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A siesta is a short nap taken in the early afternoon, often after the midday meal. Such a period of sleep is a common tradition in hot countries. The word siesta is from the Spanish language derived from the Latin (hora)sexta.
Origins of the siesta
In the United States most people believe that the origins of the siesta are most commonly traced to Mexico. In reality, it is the traditional daily sleep of the Southern region of Alentejo, in Portugal, known as sesta. It was adopted also by the Spanish and, through European influence, by Latin American countries.
However, the original concept of a siesta was merely that of a midday break. This break was intended to allow people time to be spent with their friends and family. A nap was not necessarily part of the daily affair of a siesta. This tradition of a midday break extends beyond Mexico and can be found throughout the culture of Latin and South America. In these countries, the heat can be unbearable in the early afternoon, making a midday break in the comfort of one's home ideal.
The afternoon nap
Today, the terms "siesta" refers to a short nap (15 to 30 minutes) taken after the midday meal. Siestas are traditionally no longer than 30 minutes and are more of a light rest, than any kind of serious sleep. Other names for a siesta may include: cat nap, snooze, doze, power nap, or simply, afternoon nap.
In Argentina, the siesta is supposed to be between 13:00 and 16:00, and in some regions, such as Santiago del Estero, it's called "sacred" because people don't want to be disturbed. Business hours in these regions are usually 8:00 to 12:00 and 16:00 to 20:00. Other business hours (extended) vary between 6:00 to 13:00 and from 15:00 to 21:00, but most either add or shift 30 minutes to the regular 8-12/16-20 times. In bigger cities, namely Buenos Aires, and with the time (and money) it takes to commute, business just use the regular 9-to-5 time.
Children usually don't "sleep the siesta" but eventually they learn to, while in college, or when they get a job. Some people sleep the whole time (up to two hours), but most people watch tv or take a short 15 to 30 minute nap. In any case, the streets are deserted at the siesta time in those cities.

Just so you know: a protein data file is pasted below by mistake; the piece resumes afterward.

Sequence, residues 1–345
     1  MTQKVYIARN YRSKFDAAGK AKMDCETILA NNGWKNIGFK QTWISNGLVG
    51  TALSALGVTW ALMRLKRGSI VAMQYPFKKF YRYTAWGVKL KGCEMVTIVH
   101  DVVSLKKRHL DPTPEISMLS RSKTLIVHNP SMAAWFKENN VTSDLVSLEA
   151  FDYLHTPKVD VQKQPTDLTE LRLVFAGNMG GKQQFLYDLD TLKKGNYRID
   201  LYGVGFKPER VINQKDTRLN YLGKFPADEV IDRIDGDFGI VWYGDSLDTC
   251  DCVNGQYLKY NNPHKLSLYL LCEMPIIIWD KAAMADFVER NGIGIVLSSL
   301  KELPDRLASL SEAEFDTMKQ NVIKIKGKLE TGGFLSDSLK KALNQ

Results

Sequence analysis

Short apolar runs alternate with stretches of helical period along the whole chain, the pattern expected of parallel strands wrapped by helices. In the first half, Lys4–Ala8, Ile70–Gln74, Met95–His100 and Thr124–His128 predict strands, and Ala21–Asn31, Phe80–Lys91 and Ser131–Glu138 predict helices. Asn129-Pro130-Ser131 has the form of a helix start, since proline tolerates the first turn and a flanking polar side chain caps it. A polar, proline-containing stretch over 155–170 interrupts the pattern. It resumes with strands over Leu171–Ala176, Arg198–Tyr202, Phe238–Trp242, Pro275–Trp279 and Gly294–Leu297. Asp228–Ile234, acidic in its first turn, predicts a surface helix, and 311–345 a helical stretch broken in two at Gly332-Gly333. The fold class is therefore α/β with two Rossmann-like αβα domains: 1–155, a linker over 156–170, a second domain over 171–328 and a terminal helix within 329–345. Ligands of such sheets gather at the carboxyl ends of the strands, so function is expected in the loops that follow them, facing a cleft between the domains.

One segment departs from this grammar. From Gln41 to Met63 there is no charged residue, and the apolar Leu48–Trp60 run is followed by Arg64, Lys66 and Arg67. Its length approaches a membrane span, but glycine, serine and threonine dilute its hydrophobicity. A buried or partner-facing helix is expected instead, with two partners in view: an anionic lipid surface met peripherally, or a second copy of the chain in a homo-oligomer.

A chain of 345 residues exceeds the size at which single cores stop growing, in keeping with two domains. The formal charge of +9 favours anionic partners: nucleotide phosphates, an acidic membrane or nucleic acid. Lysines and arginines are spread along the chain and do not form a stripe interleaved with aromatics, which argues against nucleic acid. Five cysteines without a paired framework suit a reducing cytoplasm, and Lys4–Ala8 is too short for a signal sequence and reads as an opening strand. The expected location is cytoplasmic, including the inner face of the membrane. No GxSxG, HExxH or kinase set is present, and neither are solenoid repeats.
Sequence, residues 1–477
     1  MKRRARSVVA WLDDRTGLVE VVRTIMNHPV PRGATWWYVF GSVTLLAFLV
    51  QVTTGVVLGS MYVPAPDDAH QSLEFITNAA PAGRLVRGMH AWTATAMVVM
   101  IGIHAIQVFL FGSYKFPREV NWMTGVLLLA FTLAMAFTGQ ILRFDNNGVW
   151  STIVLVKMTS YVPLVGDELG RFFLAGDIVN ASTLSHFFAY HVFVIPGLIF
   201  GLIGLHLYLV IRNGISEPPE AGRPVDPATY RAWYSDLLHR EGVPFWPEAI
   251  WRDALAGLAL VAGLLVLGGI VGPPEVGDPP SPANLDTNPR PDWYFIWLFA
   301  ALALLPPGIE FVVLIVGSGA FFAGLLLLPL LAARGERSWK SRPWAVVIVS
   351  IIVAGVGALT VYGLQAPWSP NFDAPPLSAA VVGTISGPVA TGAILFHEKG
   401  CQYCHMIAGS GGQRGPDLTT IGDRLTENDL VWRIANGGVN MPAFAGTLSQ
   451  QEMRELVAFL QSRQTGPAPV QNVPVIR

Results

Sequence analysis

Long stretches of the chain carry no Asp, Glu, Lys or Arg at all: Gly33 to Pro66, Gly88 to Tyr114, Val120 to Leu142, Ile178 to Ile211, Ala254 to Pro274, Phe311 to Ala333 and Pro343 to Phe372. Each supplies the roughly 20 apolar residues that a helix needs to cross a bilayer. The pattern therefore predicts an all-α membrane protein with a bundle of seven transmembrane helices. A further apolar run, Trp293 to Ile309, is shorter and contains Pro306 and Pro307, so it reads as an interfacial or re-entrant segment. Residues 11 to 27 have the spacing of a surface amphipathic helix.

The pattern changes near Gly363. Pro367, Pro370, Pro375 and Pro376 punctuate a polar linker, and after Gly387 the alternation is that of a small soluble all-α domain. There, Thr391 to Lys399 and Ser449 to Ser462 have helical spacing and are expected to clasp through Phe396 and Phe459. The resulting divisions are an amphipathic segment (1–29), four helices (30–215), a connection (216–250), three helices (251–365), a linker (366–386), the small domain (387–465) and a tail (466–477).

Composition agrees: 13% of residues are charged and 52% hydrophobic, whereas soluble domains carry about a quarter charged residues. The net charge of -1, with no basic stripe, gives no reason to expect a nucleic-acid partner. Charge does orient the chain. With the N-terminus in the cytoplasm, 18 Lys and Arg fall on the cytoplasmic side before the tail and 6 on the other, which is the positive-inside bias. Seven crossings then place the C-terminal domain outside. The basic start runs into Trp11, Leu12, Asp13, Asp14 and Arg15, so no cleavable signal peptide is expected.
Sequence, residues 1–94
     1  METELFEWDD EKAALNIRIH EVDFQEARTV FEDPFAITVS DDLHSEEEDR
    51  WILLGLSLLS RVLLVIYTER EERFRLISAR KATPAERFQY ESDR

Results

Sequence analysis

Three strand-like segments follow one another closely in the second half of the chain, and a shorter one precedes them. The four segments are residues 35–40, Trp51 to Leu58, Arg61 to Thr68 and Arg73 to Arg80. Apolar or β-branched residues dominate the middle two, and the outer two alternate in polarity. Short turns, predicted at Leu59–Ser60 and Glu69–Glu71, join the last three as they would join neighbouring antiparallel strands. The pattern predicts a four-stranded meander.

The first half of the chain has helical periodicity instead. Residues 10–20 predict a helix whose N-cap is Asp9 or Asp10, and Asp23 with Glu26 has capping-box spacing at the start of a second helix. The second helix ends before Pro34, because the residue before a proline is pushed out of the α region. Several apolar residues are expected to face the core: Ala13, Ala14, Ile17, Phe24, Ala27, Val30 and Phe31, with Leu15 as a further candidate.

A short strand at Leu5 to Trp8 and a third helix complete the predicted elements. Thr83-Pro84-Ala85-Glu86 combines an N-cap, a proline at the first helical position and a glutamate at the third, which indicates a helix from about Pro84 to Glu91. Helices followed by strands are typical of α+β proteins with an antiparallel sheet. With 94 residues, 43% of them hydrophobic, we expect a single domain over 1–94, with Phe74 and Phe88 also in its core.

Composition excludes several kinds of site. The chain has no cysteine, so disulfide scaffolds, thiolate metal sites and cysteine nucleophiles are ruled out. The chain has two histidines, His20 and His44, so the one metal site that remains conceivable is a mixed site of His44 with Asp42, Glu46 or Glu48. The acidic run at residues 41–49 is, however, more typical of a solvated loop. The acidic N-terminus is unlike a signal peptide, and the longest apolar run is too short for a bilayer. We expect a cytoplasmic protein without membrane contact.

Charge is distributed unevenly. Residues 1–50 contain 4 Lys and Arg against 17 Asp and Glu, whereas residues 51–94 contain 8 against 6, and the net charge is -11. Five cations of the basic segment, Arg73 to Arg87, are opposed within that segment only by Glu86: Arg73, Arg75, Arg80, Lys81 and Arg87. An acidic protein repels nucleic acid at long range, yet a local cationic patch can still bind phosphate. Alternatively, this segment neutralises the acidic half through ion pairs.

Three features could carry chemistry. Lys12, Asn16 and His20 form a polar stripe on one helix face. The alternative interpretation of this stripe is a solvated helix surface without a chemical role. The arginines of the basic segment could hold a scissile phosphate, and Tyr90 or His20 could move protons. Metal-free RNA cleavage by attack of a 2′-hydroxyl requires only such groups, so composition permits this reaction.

The siesta originated in the warmer areas of the country (not particularly Argentina, but most South American countries), because with tropical and sub-tropical weather it's not possible to work in the fields at those times, so people stay at their houses and do what they can do: Television didn't exist and most were illiterate so they couldn't read. So, they just slept.
Biological need for naps
In recent years, studies have suggested a biological need for afternoon naps. Researchers found that subjects of the studies felt that it was easiest to fall asleep at night and in the afternoon. Contrary to popular belief, eating lunch does not bring on drowsiness in the afternoon. There is simply a loss of alertness and a decrease in body temperature that occurs around midday, which brings on this drowsiness. These symptoms are similar to what happens at night during the first stage of sleep and are caused by Ultradian rhythms in the Circadian rhythm, also called the "internal body clock". The studies have shown that there is a strong biological tendency for humans to become tired and possibly fall asleep in the middle of the afternoon. A siesta, or a slighty longer nap, can often satisfy this desire for sleep and allow a person to wake up feeling refreshed and much more alert. Research shows that the drop in body temperature causing drowsiness around midday is considerably more pronounced in men than women.
Acceptance of the siesta
Mexico and many Latino countries have a strong cultural acceptance of a midday napping. However, the siesta is often viewed by other countries as a sign of laziness and unproductiveness. While many tropical countries have also adopted siestas, industrialized nations often resist such attempts to accept the siesta, as it often clashes with the time schedule of most workdays.
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